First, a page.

Surface Propulsion, long-tail-emprovements.

Discussion in 'Surface Drives' started by tom kane, Feb 9, 2016.

  1. powerabout
    Joined: Nov 2007
    Posts: 2,913
    Likes: 62, Points: 48, Legacy Rep: 719
    Location: Melbourne/Singapore/Italy

    powerabout Senior Member

    I watched a 53 Magnum in a Marina once in a blow and it needed lots of room with lots of froth and bubbles at the stern
     
  2. tom kane
    Joined: Nov 2003
    Posts: 1,766
    Likes: 45, Points: 58, Legacy Rep: 389
    Location: Hamilton.New Zealand.

    tom kane Senior Member

    I am not sure what you mean when you say "them" in regards to driving and watching them, powerabout.
    I doubt if you have seen any retractable shaft drives in any Marina, or many long tails or mud boats being maneuvered.
    Shaft drives set with fully submersed propellers at 18 to 20 degree shaft angle should have no trouble with reverse they have been going a long time but fixed surface propulsion with small shaft angle will especially on deep v hulls.
    I doubt if I/O drives or outboards would have trouble maneuvering unless run in tilted position.
    I agree with Gerr when he says that performance relating to shaft angle is very difficult to measure.
    Most boats that I see are always to heavy in the stern and have a too acute plane angle unless they have a lot of extra power to overcome the extra drag of greater draft caused by deep draft at the stern and they never reach optimum flat plane for comfort and vision and making use of hull shape.
    You can only purchase and compare the products that are on the market but if you want something better suited to your purpose you have to build it yourself and find out the merits or otherwise of what you have built.
    There are always some one who will tell you "that won`t work" but can not come up with better alternatives.
     
  3. powerabout
    Joined: Nov 2007
    Posts: 2,913
    Likes: 62, Points: 48, Legacy Rep: 719
    Location: Melbourne/Singapore/Italy

    powerabout Senior Member

    Tom
    its the propshaft angle to the hull that is the issue and if that is in the same plane or higher when parallel you have the reverse problem. Countering that you get low drag so good performance.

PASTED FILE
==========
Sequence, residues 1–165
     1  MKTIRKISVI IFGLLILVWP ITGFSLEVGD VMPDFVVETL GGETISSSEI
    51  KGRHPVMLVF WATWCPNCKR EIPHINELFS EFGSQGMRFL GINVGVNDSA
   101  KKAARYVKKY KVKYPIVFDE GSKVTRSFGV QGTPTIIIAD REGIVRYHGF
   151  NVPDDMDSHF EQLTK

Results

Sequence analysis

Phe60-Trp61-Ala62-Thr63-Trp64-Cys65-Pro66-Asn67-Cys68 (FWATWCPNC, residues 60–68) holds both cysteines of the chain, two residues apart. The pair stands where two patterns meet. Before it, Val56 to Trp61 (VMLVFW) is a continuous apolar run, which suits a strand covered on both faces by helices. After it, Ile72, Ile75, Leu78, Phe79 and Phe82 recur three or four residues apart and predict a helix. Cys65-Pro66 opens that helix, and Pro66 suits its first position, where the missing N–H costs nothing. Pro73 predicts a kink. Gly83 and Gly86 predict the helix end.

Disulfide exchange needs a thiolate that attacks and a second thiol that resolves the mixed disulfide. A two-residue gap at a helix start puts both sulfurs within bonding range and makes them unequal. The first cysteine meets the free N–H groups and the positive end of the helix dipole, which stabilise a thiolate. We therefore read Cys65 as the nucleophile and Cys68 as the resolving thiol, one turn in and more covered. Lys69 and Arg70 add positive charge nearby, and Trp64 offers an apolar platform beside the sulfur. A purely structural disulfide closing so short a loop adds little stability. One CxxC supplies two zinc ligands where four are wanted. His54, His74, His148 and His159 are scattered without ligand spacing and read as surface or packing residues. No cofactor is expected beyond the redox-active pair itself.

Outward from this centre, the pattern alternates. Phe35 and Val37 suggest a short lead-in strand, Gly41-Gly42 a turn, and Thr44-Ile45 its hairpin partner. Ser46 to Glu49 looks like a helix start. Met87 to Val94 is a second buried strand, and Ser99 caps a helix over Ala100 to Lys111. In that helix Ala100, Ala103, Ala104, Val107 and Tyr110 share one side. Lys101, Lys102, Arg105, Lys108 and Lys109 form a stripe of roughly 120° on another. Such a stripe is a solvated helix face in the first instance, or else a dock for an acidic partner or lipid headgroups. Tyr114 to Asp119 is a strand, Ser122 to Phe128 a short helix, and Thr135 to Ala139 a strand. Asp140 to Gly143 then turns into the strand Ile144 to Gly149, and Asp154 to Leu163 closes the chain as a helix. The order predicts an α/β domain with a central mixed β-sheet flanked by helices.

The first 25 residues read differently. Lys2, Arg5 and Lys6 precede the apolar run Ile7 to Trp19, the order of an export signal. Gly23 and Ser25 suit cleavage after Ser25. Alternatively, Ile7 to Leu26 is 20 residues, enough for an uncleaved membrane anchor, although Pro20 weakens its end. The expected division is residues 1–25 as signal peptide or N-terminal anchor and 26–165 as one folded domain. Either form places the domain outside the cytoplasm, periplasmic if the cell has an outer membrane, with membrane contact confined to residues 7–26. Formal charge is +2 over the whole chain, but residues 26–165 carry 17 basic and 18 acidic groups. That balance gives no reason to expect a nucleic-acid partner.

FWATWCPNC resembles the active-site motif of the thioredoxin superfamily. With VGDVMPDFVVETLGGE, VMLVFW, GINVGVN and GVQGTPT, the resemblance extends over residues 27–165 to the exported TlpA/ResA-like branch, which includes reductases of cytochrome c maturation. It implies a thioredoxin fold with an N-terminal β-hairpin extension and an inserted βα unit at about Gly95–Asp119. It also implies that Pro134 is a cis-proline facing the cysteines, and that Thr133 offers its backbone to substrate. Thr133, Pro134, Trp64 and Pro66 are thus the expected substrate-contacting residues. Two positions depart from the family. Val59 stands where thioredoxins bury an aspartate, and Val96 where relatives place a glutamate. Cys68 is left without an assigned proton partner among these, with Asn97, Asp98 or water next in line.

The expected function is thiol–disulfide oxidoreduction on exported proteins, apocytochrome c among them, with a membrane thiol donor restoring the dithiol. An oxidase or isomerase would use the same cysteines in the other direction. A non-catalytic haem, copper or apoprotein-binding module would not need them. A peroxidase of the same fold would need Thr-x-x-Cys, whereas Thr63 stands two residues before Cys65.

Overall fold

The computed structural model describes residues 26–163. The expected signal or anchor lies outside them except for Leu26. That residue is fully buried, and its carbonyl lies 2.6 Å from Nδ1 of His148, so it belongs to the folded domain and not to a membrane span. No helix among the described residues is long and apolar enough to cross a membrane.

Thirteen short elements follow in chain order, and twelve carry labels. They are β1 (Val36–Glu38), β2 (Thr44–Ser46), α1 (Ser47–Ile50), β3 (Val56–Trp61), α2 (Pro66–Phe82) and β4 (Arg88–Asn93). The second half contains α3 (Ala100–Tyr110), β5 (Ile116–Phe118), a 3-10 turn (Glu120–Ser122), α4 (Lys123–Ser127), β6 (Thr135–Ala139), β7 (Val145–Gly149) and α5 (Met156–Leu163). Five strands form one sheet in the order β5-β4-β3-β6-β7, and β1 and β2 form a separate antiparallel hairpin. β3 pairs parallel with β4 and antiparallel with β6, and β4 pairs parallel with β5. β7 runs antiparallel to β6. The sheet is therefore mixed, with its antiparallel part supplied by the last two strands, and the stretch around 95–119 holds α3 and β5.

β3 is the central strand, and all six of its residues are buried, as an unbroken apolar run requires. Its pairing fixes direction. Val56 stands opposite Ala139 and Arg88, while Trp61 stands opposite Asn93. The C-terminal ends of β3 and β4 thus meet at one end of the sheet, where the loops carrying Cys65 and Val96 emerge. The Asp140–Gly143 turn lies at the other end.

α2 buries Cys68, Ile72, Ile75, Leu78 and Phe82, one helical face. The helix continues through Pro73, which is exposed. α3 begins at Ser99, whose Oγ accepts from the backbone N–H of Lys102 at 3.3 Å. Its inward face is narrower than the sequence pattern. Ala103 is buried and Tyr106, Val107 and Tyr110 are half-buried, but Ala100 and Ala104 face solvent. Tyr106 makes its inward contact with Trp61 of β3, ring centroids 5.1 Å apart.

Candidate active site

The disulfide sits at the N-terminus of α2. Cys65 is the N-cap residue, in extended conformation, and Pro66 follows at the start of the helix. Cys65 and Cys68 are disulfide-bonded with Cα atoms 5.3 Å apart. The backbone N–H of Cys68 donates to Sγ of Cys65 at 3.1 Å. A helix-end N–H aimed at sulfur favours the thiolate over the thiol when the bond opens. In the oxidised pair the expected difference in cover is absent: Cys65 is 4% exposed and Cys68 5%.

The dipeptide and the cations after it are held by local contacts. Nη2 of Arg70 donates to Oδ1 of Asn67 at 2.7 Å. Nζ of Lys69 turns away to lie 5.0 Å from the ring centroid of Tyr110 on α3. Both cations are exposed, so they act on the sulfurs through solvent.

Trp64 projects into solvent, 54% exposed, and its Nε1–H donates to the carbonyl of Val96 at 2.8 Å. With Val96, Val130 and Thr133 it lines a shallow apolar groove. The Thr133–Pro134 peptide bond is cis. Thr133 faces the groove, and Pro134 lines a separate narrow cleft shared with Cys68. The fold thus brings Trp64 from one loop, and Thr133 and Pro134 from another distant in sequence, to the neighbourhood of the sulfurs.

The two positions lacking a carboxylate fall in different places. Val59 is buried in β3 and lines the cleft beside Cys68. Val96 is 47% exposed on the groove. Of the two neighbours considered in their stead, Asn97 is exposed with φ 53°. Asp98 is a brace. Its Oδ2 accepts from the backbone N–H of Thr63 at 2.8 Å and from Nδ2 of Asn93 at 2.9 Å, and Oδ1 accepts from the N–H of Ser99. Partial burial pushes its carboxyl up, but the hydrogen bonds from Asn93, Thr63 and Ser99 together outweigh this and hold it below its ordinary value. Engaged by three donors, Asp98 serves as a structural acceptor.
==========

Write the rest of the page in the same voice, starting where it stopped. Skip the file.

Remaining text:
When a prop thrusts the water wants to come to the surface so now look at the surface drive prop and your transom and when parallel to the hull at least half the reverse prop wash is facing the transom.
    If you trim up to direct that under the hull you may well be lifting the prop out of the water but certainly putting blades very close to the surface.
    If you trim down you are just directing more water to the transom.
    As soon as someone invents a propshaft that can move up and down in the level plane we will have the ultimate. ( racing outboards have this built into the transom bracket)
    Cheers
    PS High mounted sterndrives have this issue so you trim up when you need reverse but propshaft plane under the hull so its more effective and if you run stand off box the tilt pivot is well behind the hull
     
  4. tom kane
    Joined: Nov 2003
    Posts: 1,766
    Likes: 45, Points: 58, Legacy Rep: 389
    Location: Hamilton.New Zealand.

    tom kane Senior Member

    It is so easy to have a prop shaft that can move up and down and also steer the boat and remain horizontal to the water surface, but I won`t enlarge on that as it should be easy to work out for your self. It probable would not "look right " to some people or suit traditional boat design.

    Having a propeller that has rake to change the angle that the prop thrusts the water and also lifts the water closer to the surface (surface propulsion) to speed up ejecting the water from the prop eliminates steeper shaft angle inefficiencies if there is really any.